Although many Vietnam veterans recall being ignored on their return to Australia, this was not the case for those who returned with their battalions on board HMAS Sydney. When the ship docked, the infantry was often met by dignitaries, including the Minister for the Army, and a march through the city – Sydney, Brisbane or Townsville – usually followed within hours.
Watch a short video of HMAS Sydney arriving in Sydney in the 1970s.
Sydney made one last trip to Vung Tau in November 1972, delivering a cargo of defence aid for Vietnam and Cambodia.
By the time Australia's involvement in Vietnam ended, Sydney had carried 16,000 Army and RAAF personnel to Vung Tau on 24 ferry runs and had made a 25th trip to Vietnam to deliver and pick up military equipment.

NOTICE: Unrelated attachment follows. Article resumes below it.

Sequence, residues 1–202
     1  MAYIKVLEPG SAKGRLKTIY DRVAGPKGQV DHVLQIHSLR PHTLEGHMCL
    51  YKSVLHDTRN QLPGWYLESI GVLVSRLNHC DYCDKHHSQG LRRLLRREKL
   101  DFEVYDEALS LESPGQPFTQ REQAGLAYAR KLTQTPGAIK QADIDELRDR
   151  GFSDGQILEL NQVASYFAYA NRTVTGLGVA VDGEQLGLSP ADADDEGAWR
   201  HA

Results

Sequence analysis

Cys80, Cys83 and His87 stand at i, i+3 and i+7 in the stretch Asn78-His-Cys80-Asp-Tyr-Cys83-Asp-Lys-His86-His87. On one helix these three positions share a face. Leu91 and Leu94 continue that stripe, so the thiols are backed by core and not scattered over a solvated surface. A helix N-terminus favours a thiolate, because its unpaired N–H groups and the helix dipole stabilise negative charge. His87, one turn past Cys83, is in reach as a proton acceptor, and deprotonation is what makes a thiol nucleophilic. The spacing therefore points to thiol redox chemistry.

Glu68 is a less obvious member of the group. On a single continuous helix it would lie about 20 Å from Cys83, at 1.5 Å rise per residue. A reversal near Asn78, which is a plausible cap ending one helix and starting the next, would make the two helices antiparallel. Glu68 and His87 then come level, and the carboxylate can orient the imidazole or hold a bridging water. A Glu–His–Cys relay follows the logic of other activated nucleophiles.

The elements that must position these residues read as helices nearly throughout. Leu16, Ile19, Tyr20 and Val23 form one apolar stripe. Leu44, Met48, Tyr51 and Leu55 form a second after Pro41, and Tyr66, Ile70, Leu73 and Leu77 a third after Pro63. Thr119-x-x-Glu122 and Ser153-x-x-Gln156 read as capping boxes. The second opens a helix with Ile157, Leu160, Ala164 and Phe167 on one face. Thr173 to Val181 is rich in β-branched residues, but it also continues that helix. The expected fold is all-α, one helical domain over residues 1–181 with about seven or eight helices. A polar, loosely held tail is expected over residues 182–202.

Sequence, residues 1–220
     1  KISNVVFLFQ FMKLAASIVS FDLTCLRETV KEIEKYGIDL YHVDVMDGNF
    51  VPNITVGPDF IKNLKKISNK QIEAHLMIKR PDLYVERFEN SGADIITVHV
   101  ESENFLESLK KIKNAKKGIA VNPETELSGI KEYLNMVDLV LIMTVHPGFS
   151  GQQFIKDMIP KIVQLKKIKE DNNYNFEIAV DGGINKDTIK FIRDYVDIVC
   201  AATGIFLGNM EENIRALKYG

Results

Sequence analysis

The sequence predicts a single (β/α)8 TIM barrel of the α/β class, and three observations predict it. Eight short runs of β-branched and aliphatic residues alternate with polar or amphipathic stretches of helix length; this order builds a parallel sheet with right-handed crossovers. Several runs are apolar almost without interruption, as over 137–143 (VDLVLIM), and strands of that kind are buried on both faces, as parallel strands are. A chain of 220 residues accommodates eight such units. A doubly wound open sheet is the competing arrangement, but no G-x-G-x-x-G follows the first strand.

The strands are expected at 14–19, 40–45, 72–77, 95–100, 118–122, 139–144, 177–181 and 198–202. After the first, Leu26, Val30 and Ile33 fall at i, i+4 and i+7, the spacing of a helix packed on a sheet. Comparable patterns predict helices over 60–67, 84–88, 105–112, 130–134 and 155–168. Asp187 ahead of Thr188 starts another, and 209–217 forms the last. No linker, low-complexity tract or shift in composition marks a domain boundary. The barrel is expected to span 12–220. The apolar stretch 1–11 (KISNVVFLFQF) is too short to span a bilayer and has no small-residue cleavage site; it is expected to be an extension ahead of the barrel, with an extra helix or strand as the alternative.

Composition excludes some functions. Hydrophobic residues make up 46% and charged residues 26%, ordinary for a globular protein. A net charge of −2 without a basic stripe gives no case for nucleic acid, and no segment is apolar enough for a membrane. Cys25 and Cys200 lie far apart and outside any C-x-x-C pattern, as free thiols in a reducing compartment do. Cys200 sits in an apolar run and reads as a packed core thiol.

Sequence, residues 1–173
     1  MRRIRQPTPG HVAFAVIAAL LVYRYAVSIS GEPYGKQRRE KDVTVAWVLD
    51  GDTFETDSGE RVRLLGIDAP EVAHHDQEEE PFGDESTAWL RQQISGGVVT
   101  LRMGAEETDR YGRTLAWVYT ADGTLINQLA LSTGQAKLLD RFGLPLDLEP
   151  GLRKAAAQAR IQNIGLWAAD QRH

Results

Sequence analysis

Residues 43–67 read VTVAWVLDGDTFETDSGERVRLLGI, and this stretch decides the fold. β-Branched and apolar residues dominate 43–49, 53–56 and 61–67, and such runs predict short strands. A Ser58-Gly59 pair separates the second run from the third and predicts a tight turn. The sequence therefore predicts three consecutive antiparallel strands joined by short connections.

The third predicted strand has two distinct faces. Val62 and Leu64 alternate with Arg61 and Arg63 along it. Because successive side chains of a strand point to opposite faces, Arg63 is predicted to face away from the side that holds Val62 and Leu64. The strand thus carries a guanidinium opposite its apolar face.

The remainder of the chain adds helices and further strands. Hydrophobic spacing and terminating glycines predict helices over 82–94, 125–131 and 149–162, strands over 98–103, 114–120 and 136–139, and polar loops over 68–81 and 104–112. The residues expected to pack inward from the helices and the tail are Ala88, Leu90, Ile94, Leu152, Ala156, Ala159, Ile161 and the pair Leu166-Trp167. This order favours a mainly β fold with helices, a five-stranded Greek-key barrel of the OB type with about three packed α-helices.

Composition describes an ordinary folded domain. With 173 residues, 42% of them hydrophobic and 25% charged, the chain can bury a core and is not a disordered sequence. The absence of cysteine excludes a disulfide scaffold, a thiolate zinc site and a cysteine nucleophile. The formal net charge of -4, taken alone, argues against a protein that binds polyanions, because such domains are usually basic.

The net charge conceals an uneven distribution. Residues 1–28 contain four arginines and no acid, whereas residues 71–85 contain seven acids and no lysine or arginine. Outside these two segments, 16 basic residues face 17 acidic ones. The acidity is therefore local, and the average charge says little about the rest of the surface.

Every voyage took between 10 and 12 days in each direction, a time during which soldiers heading for Vietnam were given hours of physical training and prepared for the year that they would have to spend as combatants in a war zone.
Sydney's transport efforts were complemented by the work of 2 vessels:
- MV Boonaroo
- MV Jeparit.
Boonaroo made only 2 voyages to Vietnam. The first trip was as an Australian National Line cargo vessel, and the second was as a naval vessel. HMAS Boonaroo was commissioned on 1 May 1967 and decommissioned 7 days later.